06/05/2017 | Press release | Distributed by Public on 06/06/2017 18:11
Texas Nurse Practitioners worked with lawmakers during the 85th Legislative Session to advance two key bills on its legislative agenda that will expand access to care to Texas patients, especially those in rural and underserved areas. Senate Bill (SB) 654 by Sen. Kel Seliger and Rep. John Smithee allows advanced practice registered nurses (APRNs) to see Medicaid and CHIP patients, regardless of whether their delegating physician also participates in those plans. Another bill, SB 919 by Sen. José Rodríguez and Rep. Garnet Coleman, extends signature authority to APRNs and Physician Assistants (PAs) for death certificates.
'We applaud Sens. Seliger and Rodriguez and Reps. Smithee and Coleman for championing legislation that will greatly improve access to healthcare for patients across Texas -- from the Panhandle to El Paso to the Rio Grande Valley,' said Jan Zdanuk, President of Texas Nurse Practitioners. 'Their bills make important strides to remove barriers preventing Texas patients from accessing the vital care they need.'
SB 654 will benefit some of the most vulnerable Texas patients, like those Panhandle Nurse Practitioner Holly Jeffreys cares for. Jeffreys provides health care to 300 foster care children in the Cal Farley's Boys Ranch clinic - many of whom are Medicaid patients. Right now in Texas, APRNs can only accept Medicaid or CHIP if their delegating physician also accepts those plans. Since Jeffreys' delegating physician has a practice in the neighboring town and is not in-network for Medicaid, Jeffreys has been unable to accept and seek reimbursement for the Boys Ranch Medicaid patients for almost two years.
Jeffreys is not alone. Providers across the state - in rural, urban, and suburban areas - are forced to turn Medicaid patients away or otherwise go without payment due to this insurance requirement. SB 654 gets rid of this needless barrier and allows APRNs to freely choose whether they want to accept Medicaid/CHIP patients or not.
'I am thankful that I will be able to continue to serve the children at Boys Ranch and provide healthcare not just to Boys Ranch residents, but to patients throughout the Panhandle,' said Jeffreys.
SB 919 by Sen. Rodríguez and Rep. Coleman grants signature authority for death certificates to APRNs and PAs providing care to hospice and palliative care patients. For far too many Texans, especially those in rural areas, obtaining a signature for death certificates can take days and even weeks, incurring an unnecessary financial and emotional burden for families during a delicate time of grieving. SB 919 adds APRNs and PAs to the list of providers who can sign these documents, improving continuity of care for patients' families.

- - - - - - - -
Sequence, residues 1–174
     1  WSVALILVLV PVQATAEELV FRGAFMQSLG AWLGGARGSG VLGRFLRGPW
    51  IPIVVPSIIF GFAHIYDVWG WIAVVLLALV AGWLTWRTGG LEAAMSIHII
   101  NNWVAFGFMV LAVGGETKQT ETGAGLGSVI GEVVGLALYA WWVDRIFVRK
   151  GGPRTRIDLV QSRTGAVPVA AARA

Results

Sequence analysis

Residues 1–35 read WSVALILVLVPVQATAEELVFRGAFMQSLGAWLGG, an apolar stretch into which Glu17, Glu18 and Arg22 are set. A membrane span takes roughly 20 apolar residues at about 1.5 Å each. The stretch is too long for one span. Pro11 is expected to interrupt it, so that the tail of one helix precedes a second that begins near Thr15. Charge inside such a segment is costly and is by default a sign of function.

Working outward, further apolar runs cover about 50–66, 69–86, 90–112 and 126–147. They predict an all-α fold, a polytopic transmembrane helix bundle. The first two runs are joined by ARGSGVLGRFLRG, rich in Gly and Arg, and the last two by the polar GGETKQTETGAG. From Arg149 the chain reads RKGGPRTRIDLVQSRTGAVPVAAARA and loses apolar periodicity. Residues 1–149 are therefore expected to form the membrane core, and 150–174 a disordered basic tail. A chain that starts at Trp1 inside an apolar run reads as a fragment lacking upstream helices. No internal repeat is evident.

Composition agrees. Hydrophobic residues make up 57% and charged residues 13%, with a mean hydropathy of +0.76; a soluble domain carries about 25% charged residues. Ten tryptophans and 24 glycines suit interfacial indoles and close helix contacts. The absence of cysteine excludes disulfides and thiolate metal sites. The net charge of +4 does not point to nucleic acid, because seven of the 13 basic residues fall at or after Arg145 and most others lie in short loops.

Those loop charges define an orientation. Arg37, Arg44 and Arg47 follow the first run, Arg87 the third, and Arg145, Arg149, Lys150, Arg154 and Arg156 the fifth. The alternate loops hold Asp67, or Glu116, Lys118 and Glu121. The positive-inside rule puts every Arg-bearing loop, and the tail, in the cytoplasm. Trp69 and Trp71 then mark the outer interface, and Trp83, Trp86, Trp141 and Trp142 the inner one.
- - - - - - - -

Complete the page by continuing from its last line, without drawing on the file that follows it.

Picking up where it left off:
'SB 919 will make a huge difference in the lives of those who have lost a loved one,' said Erin Perez, a Palliative Care Nurse Practitioner and member of Texas' statewide Palliative Care Interdisciplinary Advisory Council. 'My own patients have had to wait up to three weeks for what should be a simple administrative task, and thanks to Sen. Rodríguez and Rep. Coleman, these families will no longer have to jump through unnecessary hoops.'
These initiatives were supported by the Texas Nurse Practitioners, APRN Alliance, AARP Texas, Center for Public Policy Priorities, Methodist Healthcare Ministries of South Texas Inc., Texas Association of Business, Texas Hospice and Home Care Association, Texas Medical Association, and the Texas Association of Health Plans.
Highly-skilled, trained health care providers
There are more than 21,000 APRNs in Texas, and growing. These highly skilled and specialized providers play a crucial role in caring for Texans and addressing our state's growing and changing health care needs, providing services ranging from treating the common cold to geriatric care, women's health, and mental health services. And it's not just Texas who is making changes to the health care arena to accommodate these providers. States everywhere are modernizing their laws and removing barriers to APRNs. Just this year, the Veteran's Health Administration granted full practice authority to APRNs, freeing them up to practice without a physician delegation agreement. 22 states and the District of Columbia have done the same.
Progress toward full-practice authority
This legislative session also saw tremendous momentum toward granting full practice authority to APRNs. A group of diverse organizations representing consumers, business, and a broad range of health care stakeholders came together during the 85th Legislature to form the Coalition for Health Care Access. This group of over 20 business and consumer-advocacy groups, including AARP, Center for Public Policy Priorities, Texas Association of Business, and the Texas Public Policy Foundation, supported HB 1415 and SB 681 by Rep. Stephanie Klick and Sen. Kelly Hancock, which would expand access to health care by removing outdated and costly regulatory barriers for APRNs. Legislation to grant full practice authority was heard in committee on April 25. It was ultimately left pending.
Chartered in 1989, Texas Nurse Practitioners is a statewide professional association representing over 15,000 nurse practitioners. Nurse Practitioners across Texas provide invaluable services, including performing physical examinations and evaluations, providing health education, treating common illnesses, and helping patients manage chronic illness.